Other options are a Junior Isa or even a pension.

Grandparents can pay as much as £4,368 into a Junior Isa, although the money isn’t accessible until the child is 18.

Or up to £2,880 per year can be put into the pension of someone under the age of 18.

Once the money is paid in, the pension provider claims back £720 tax relief from the Government. So that £2,880 is worth £3,600.

Case study: The sibling

Peter faced having to leave his home after the deaths of his siblings

Peter Jackson, 61: From Surrey

“I lived with my brother and sister. We bought our house together. We all lived together and it worked well – none of us were married or had children.

“We owned equal shares in it. Then my older brother John died 10 years ago, he left everything to the two of us. At that time, the property wasn’t worth so much so we didn’t have to pay inheritance tax.

“Then my sister Mary died. She left her share to our nieces and nephews. The thing is, I didn’t have enough savings to buy her out nor to pay the inheritance tax. So I nearly lost my home.

“Thankfully, the executor of Mary’s will got our 10 nephews and nieces to agree to a deed of variation, so that I inherited the house from Mary and they inherit it when I die. Fortunately, no one objected.

“Now I know that I am able to live here for the rest of my life.”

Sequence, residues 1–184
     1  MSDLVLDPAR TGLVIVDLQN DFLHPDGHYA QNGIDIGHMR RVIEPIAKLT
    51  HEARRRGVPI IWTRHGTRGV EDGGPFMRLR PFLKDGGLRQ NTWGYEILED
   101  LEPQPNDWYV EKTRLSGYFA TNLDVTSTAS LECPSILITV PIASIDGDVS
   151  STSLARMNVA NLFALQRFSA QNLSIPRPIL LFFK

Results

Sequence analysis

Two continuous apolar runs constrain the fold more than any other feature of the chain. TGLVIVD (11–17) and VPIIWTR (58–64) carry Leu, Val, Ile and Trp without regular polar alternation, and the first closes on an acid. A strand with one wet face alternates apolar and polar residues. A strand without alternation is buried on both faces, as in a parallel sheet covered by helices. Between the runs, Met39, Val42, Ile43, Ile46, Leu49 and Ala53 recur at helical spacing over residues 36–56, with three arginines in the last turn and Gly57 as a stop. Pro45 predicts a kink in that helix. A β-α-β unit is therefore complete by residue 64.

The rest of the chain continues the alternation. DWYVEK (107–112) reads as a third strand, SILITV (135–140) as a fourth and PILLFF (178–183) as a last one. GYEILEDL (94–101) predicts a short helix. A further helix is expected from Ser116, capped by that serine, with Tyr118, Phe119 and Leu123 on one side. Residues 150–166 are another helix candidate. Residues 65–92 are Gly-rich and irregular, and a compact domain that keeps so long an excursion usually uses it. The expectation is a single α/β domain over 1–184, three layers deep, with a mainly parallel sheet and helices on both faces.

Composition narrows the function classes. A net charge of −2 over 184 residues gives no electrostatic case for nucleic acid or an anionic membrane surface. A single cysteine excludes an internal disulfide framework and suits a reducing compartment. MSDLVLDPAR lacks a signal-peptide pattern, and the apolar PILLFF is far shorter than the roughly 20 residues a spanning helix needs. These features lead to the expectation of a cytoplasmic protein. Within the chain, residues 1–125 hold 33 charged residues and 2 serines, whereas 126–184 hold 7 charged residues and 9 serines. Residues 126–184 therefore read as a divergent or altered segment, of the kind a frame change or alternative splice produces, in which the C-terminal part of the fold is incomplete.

In grandparents we trust

Some grandparents might feel more comfortable setting up a trust. For this you need to see a specialist tax adviser. “Trusts can help you protect money, maintain some control and are often a key part of an overall inheritance planning exercise,” says Ms Lowe.

She adds: “You decide how much you want to put in the trust, who you want to make decisions about what’s in the trust and who you want to benefit.

“There are lots of different types of trust that each come with their own tax rules so it’s best to consult a specialist to ensure you choose the one that best suits your and your grandchild’s future needs.”

‘Grandparents who are new to gifting can gift £12,000’

Do your paperwork

Make sure your will is up to date, as this will ensure you pass on as much as possible to the people you want in the way you want. Nathan Scott, a tax partner at Haines Watts in Newcastle, points out that even married couples need to make a will.

“Transfers between spouses and/or civil partners are exempt from inheritance tax. In the correct circumstances, this can offer an efficient and low-risk inheritance tax planning strategy. By leaving the entire estate to a spouse or civil partner, you can ensure no inheritance tax is payable when you pass away.”

Change may be coming

Siblings who co-habit may be given the same rights as married couples and those in a civil partnership if a Bill currently going through the House of Lords is made law.

Ms Ingram says a Bill sponsored by Lord Lexden is seeking to give cohabiting siblings similar rights to inheritance tax-exempt transfers of assets that currently only applies to married couples and civil partners.

She says: “House price inflation outpacing wage growth has seen an increase in siblings who club together to buy their first home, or in later life, live together for support and companionship. The Bill seeks to recognise such relationships and provide exemption from inheritance tax, where the siblings are over age 30 and have cohabited for at least seven years prior to death.”